“Ain’t I a Woman?”: Towards an Intersectional Approach to Person Perception and Group-based Harms

“Ain’t I a Woman?”: Towards an Intersectional Approach to Person Perception and Group-based... Our research examines whether intersecting racial and gender identities affect person perception. Predominantly White undergraduates (292) from a large northeastern U.S. university categorized and rated pictures (Study 1) and videos (Study 2) of Black and White men and women. We supported three hypotheses: 1) intersectionality affects person perception processes, leading to gender categorization errors for Black women; 2) “Blackness” and “maleness” are highly associated for Black male and female targets; and, 3) women are perceived as unattractive proportionally to their perceived masculinity, leading Black women to be rated as less attractive than other women. We suggest that intersectional approaches are required in order to fully understand person perception. Further, the Black/male association may lead to unique harms for Black women. http://www.deepdyve.com/assets/images/DeepDyve-Logo-lg.png Sex Roles Springer Journals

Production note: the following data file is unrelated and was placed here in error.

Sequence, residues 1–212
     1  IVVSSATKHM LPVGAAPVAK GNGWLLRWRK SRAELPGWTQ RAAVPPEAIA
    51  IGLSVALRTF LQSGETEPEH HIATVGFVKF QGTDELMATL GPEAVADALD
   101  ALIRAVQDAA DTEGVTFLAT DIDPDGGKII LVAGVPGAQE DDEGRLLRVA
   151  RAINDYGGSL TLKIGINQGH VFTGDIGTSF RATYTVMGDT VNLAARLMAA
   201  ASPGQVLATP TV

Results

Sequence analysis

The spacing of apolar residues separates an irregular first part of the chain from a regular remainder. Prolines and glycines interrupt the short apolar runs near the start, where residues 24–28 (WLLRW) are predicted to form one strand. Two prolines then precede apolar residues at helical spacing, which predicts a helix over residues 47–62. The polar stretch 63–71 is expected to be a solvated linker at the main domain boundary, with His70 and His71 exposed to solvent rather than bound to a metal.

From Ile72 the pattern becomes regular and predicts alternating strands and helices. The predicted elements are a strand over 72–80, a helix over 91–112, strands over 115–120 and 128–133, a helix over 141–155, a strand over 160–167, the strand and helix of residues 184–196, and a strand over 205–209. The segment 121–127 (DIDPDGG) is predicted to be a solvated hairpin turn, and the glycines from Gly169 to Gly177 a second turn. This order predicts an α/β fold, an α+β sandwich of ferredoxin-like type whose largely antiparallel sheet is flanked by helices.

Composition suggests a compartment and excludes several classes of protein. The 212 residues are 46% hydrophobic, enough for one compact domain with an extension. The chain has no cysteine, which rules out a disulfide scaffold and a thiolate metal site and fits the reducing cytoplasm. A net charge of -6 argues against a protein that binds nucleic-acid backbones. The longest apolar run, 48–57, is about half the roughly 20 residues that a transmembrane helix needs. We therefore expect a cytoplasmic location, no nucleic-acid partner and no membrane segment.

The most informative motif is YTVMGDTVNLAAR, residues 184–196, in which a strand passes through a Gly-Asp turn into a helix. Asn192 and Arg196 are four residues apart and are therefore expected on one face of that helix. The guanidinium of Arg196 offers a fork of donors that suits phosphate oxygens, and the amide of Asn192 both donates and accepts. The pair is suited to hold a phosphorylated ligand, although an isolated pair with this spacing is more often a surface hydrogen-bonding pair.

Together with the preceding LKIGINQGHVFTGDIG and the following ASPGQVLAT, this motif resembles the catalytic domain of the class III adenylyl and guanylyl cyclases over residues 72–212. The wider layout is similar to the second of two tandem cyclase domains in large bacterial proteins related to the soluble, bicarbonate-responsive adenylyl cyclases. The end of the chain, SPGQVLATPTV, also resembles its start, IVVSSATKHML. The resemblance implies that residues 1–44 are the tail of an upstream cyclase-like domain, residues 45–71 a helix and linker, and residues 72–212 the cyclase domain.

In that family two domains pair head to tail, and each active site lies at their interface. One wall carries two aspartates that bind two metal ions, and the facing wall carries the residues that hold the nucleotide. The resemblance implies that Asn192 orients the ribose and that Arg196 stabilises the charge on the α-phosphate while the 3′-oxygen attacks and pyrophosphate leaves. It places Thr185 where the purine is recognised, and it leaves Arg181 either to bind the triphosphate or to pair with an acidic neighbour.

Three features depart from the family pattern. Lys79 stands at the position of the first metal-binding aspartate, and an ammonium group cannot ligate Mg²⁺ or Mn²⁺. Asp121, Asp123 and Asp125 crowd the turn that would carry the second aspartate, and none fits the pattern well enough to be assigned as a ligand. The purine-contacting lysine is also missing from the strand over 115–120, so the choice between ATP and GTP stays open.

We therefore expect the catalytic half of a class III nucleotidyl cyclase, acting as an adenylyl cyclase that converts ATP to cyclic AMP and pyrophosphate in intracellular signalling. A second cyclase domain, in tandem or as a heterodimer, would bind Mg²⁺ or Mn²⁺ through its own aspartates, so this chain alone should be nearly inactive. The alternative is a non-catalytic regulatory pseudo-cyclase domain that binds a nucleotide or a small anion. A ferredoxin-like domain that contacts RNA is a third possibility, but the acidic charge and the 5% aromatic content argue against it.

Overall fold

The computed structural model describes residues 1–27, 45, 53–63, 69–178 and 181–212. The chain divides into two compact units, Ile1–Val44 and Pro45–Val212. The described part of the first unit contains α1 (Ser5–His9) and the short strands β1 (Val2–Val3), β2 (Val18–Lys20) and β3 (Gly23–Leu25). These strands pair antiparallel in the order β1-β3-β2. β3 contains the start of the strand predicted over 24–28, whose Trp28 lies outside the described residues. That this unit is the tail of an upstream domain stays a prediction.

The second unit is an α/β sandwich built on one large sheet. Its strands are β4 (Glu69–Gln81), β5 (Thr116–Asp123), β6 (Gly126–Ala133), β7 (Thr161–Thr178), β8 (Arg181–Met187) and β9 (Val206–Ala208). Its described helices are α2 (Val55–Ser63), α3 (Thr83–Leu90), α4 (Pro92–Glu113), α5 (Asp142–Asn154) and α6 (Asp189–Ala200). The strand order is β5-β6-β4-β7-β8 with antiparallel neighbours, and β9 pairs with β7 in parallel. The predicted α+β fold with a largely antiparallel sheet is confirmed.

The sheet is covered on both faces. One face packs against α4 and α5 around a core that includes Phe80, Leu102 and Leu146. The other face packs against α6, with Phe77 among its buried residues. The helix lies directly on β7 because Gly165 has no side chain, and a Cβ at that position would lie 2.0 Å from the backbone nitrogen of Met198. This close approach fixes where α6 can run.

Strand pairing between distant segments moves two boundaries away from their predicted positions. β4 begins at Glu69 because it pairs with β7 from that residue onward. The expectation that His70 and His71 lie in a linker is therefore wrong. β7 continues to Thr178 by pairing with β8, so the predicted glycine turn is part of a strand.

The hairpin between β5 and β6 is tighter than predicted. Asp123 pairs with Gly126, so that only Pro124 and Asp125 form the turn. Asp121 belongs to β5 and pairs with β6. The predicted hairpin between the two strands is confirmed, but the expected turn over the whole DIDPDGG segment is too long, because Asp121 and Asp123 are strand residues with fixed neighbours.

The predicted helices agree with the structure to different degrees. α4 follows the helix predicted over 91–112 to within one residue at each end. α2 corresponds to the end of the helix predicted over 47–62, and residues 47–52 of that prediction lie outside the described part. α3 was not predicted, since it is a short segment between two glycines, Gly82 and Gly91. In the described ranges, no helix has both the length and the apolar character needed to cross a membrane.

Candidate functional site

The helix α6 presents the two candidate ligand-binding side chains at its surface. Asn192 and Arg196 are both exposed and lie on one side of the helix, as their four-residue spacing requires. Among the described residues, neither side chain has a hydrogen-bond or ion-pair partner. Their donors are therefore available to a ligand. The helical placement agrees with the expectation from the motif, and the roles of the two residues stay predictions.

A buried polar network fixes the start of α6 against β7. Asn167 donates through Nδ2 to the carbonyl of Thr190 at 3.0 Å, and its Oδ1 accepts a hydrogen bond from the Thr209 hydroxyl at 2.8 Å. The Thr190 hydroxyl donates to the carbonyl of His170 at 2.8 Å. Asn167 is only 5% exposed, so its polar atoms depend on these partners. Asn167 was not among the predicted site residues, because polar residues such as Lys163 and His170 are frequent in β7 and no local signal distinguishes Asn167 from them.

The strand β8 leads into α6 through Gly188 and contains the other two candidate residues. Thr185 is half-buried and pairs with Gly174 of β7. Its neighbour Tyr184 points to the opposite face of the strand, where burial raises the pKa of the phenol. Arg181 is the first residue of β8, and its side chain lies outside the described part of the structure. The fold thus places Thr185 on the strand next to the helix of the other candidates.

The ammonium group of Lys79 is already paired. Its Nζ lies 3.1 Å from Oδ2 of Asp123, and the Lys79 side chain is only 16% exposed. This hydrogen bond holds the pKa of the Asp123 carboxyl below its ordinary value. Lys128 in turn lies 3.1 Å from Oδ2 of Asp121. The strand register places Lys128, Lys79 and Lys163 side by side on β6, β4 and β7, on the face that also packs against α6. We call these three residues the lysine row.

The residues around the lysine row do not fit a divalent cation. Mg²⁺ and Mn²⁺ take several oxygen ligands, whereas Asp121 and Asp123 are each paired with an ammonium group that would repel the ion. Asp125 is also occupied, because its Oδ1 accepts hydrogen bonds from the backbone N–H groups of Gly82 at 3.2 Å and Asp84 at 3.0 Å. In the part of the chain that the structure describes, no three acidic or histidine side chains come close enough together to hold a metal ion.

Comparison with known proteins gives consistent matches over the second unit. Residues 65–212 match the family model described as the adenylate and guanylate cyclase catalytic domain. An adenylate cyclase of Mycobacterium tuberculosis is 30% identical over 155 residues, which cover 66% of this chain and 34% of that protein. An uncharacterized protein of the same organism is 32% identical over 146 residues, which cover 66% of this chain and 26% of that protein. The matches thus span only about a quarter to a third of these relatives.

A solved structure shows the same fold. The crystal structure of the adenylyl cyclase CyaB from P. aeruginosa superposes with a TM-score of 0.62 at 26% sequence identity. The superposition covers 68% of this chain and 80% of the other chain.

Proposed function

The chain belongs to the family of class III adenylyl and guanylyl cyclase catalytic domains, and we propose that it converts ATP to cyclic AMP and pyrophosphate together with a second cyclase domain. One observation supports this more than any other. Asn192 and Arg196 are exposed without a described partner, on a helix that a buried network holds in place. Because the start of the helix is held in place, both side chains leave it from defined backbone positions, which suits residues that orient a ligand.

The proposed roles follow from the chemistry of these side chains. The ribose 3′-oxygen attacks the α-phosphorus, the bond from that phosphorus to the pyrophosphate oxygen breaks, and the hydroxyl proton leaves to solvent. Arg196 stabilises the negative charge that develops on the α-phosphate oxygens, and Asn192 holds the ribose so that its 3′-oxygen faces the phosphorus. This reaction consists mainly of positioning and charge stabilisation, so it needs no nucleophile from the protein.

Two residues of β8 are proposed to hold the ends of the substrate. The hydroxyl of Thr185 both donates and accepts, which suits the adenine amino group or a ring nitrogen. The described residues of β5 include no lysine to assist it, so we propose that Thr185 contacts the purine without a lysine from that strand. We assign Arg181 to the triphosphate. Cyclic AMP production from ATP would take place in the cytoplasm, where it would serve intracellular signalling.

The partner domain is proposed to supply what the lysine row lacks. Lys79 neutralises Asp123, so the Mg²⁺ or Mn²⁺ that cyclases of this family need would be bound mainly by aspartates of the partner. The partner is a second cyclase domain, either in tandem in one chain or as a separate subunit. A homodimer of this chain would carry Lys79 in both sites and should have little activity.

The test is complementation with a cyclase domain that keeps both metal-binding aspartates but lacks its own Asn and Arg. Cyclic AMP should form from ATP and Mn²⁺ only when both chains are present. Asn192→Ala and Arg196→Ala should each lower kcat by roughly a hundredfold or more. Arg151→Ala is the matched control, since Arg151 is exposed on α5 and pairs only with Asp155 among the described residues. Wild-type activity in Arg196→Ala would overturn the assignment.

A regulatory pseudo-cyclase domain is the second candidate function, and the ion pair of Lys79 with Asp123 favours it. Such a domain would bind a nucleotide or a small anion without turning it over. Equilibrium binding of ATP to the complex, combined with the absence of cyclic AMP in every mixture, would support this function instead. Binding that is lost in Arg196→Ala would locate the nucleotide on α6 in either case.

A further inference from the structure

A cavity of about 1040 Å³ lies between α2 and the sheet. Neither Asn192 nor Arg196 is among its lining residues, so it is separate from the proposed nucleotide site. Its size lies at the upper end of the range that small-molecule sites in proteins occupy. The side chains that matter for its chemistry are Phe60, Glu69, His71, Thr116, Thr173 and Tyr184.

“Ain’t I a Woman?”: Towards an Intersectional Approach to Person Perception and Group-based Harms

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Publisher
Springer Journals
Copyright
Copyright © 2008 by Springer Science+Business Media, LLC
Subject
Psychology; Gender Studies; Sociology, general; Medicine/Public Health, general
ISSN
0360-0025
eISSN
1573-2762
D.O.I.
10.1007/s11199-008-9505-4
Publisher site
See Article on Publisher Site

Abstract

Our research examines whether intersecting racial and gender identities affect person perception. Predominantly White undergraduates (292) from a large northeastern U.S. university categorized and rated pictures (Study 1) and videos (Study 2) of Black and White men and women. We supported three hypotheses: 1) intersectionality affects person perception processes, leading to gender categorization errors for Black women; 2) “Blackness” and “maleness” are highly associated for Black male and female targets; and, 3) women are perceived as unattractive proportionally to their perceived masculinity, leading Black women to be rated as less attractive than other women. We suggest that intersectional approaches are required in order to fully understand person perception. Further, the Black/male association may lead to unique harms for Black women.

Journal

Sex RolesSpringer Journals

Published: Aug 7, 2008

References

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